Joe shares his overall thoughts on the ACS conference

Overall ACS Conference Observations After a grueling week, I had a chance to collect my thoughts and have the following observations: - The attendees felt the Conference was a major success and want it to continue. - People will come if they think there is information of value. Despite the plethora of conferences including PCSF being 3 weeks away and Black Hat being the same week, there were almost 100 attendees representing 9 countries. Industries present included water, electric transmission, distribution, and generation, nuclear power, wind power, pipelines, and chemicals. In the area of vendor-dominated conferences, less than 20% of the attendees were vendors. - Almost every presentation stimulated significant discussions – people were not sitting on their hands.  The information exchange was detailed and addressed real incidents. - There is still an erroneous feeling that each industry is unique and that information from one does not apply to the other. I have some thoughts on how to combat that problem and will do so at the 2009 Conference in Washington DC. - There were a number of federal organizations present – NRC, FERC (and NERC), Pacific Northwest National Lab (nuclear), Idaho National Lab (renewables), Argonne National Lab, DOD, and the FBI. However, despite Congressman Langevin’s plea for cooperation, the following organizations did not attend even thought the information was of direct interest: o DHS (NCSD or S&T) o DOE (headquarters and labs working on security) o EEI (Edison Electric Institute) o Leadership from the NERC CIPC o EPRI o NEI (Nuclear Energy Institute) o INPO (Institute for Nuclear Power Operations) o EPA o AWWA (American Water Works Association) o API (American Petroleum Institute) o NPRA (National Petroleum Refinery Association) Since the information will not be made public, these organizations have simply missed out. - Information sharing is a dismal failure. An interesting example was how many end-user attendees from multiple industries had not been informed about Aurora. Ironically, they knew more from CNN than from DHS or their own organizations. - The FBI gave a presentation unfortunately demonstrating how out-of-touch they are with industry and how far we need to go to have a meaningful working relationship. FBI’s focus is criminal prosecution which means a close hold on all information - “cone of silence”. Industry needs enough information to defend itself. Actions are now being taken to help close the gap. - Planning is starting on the 2009 Conference. Hopefully, all organizations will participate. Joe Weiss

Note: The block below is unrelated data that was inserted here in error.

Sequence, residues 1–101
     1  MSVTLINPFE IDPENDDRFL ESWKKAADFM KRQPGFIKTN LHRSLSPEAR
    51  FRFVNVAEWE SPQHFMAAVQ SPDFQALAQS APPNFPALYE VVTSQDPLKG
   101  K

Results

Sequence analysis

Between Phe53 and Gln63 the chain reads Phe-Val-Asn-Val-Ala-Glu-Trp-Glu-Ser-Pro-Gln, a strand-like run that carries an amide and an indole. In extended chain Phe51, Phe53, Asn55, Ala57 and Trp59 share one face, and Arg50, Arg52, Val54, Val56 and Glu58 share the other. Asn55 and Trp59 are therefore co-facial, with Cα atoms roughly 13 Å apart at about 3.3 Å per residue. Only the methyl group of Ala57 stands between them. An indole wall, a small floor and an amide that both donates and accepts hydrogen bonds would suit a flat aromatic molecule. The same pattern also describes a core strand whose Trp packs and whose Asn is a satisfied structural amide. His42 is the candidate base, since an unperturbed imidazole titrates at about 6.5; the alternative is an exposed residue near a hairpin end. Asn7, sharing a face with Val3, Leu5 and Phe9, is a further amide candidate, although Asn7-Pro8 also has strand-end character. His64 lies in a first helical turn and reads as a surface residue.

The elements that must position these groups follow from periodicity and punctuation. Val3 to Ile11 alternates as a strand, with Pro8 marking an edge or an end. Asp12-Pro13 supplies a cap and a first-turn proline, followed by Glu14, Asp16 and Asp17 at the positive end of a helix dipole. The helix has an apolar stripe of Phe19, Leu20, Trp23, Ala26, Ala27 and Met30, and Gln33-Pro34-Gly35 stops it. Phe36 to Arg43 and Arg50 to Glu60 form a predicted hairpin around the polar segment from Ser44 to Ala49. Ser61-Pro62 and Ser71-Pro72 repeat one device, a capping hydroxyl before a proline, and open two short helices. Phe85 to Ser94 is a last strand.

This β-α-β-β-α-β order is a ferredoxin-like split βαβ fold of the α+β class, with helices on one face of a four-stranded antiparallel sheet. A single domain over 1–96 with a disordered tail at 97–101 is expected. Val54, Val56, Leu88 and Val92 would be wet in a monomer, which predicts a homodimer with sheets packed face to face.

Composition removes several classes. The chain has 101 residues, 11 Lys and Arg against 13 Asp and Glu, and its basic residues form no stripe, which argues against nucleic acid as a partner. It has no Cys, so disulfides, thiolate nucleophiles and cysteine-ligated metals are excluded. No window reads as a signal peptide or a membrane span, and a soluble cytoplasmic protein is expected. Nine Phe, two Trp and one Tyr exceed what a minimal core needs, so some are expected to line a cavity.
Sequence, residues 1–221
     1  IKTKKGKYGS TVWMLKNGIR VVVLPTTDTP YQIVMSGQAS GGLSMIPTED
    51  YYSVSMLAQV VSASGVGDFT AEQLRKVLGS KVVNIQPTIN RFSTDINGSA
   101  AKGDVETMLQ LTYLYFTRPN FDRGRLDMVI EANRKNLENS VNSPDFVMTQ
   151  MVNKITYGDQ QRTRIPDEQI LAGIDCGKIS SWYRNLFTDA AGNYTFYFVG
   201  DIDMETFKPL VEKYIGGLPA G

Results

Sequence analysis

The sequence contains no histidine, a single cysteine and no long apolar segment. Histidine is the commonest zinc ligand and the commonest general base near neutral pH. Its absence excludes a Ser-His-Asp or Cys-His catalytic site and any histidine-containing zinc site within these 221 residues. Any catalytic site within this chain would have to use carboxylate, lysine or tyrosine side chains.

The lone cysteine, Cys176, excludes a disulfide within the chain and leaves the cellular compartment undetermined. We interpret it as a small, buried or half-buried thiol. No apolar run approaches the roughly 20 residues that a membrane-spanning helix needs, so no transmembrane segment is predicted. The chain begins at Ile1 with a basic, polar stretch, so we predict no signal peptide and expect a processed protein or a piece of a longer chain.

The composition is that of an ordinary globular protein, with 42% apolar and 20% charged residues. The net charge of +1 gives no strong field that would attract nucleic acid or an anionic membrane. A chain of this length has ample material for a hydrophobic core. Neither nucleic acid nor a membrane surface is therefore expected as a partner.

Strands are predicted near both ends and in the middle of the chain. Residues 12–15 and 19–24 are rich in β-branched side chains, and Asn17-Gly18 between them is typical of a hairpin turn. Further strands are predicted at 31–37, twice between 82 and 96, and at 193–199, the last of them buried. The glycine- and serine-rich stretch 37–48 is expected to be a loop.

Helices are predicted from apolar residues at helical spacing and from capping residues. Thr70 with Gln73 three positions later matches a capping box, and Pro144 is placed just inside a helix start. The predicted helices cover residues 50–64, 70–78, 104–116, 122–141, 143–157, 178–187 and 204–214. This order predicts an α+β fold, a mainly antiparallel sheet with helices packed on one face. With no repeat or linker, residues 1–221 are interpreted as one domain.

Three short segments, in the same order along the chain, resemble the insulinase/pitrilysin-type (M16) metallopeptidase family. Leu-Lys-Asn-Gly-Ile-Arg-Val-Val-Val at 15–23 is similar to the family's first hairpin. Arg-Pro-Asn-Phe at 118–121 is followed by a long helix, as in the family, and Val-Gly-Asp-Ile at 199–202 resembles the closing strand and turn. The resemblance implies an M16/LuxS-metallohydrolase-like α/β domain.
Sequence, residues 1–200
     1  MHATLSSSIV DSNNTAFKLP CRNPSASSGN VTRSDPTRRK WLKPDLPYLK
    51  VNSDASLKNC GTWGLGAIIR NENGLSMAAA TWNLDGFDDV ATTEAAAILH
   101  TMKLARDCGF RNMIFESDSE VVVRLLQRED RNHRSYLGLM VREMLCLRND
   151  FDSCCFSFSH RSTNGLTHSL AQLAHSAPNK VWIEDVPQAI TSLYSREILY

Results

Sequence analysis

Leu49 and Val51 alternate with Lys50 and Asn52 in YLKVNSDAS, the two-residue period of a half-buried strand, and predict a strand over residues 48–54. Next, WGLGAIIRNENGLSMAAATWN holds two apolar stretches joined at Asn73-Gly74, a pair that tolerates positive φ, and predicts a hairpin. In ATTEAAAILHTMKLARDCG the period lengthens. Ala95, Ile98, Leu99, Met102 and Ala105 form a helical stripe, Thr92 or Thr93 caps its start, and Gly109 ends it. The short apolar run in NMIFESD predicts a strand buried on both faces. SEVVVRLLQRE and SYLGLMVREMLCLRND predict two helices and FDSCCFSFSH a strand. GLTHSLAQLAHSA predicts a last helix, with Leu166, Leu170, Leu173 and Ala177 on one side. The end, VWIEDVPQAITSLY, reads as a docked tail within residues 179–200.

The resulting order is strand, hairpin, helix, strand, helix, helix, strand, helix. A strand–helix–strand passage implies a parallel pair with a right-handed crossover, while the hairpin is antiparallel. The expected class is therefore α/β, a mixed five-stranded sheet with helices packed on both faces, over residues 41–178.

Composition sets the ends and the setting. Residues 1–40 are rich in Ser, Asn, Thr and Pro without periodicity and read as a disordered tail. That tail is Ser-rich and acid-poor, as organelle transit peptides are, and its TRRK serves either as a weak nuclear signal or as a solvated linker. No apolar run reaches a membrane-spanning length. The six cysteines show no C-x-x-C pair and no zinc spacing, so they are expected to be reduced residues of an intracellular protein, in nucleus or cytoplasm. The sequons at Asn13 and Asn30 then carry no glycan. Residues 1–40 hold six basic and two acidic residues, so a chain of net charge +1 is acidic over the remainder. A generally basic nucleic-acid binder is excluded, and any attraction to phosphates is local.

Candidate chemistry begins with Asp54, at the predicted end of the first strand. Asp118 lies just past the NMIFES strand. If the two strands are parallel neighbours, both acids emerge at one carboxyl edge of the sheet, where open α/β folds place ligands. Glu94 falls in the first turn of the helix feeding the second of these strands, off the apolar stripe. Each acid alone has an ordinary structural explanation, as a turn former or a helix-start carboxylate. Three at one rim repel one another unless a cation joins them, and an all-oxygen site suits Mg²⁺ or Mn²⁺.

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  • <p>Joe,</p> <p>I am thrilled your conference was good. You worked very hard and we are all greatful for your efforts. It was a good time. You have to ask yourself why those organizations were not there? I am guessing that they were busy and could not go. Were the items and topic in your event important? For sure. Were they so important and new and never-discissed-before that these major organizations had to come? Maybe not. It is all about perspective. Maybe we can assume that much of the material that was advertised for you event (if you can call it advertsing - you really didnt say much in the marketing materials) did not demand their presence? I can imagine alot of people and organizations that could not invest in a conference where the aganda was ethereal and rather 'undefined'. I remember seeing many postings about 'more info at the confernce' when people asked about more info and what to expect. I thought the event was good even though I had a hard time deciding if I was going based on the lack of clarity of content.</p> <p>I also do not understand your issue about this Aurora thing (and I apologize, I may have missed something). I would assume that at least some of the non-US countries had to learn about it from CNN (or you or web or something). Moreover, how is it a DHS/DoE failure when they are to pass info to asset owners via State/Local/ISAC entities for them to do the outreach? Isnt that the process that was set-up? Here, we get our information from the ISAC (who we trust) and they get it from DHS. That model has worked fine for us, and for many many others, but I am hearing stories about other not-so-successful communications from the ISAC down. Yes, the model is broken but I think you have the wrong culprit??</p> <p>I would guess that the real reasons why your attendees didnt get any Aurora info prior to the CNN event is: (1)a large majority of your attendees were either not invested in the cyber security issue when Aurora came out and didnt care, (2)were not impacted by the issue so they did not need to be alerted, (3) did not get the info becasue their ISAC or governing body didn't give it to them,(4) could not be told as they are not a US entity, (5) are a vendor in an unrelated sector and really had no right knowing, and (6) don't care.</p> <p>I talked with alot of people while at your event (many blog and newsfeed chats as well out there) and they fall into category 2,3, and 4. I have no real insight to Aurora (not my secvtor) but would assume it was an issue that not everyone needed to hear about. So some people made choices as to who needed to know and told their responsible organizations/ISACs. Then the ISACs failed or somthing broke.</p> <p>I think the information sharing model is fine, it is the participants at the lower levels that need some help moving the information to the stakeholders. Being mad as DHS or DoE for not telling every single end user in the world about security issues may not be the right approach.</p> <p>Thanks Joe, and great work!</p>


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